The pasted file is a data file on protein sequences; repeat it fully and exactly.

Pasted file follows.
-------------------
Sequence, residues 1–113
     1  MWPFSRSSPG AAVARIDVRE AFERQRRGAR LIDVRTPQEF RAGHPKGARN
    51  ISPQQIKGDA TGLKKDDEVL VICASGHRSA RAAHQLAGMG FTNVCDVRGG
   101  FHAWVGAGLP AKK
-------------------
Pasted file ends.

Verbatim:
Sequence, residues 1–113
     1  MWPFSRSSPG AAVARIDVRE AFERQRRGAR LIDVRTPQEF RAGHPKGARN
    51  ISPQQIKGDA TGLKKDDEVL VICASGHRSA RAAHQLAGMG FTNVCDVRGG
   101  FHAWVGAGLP AKK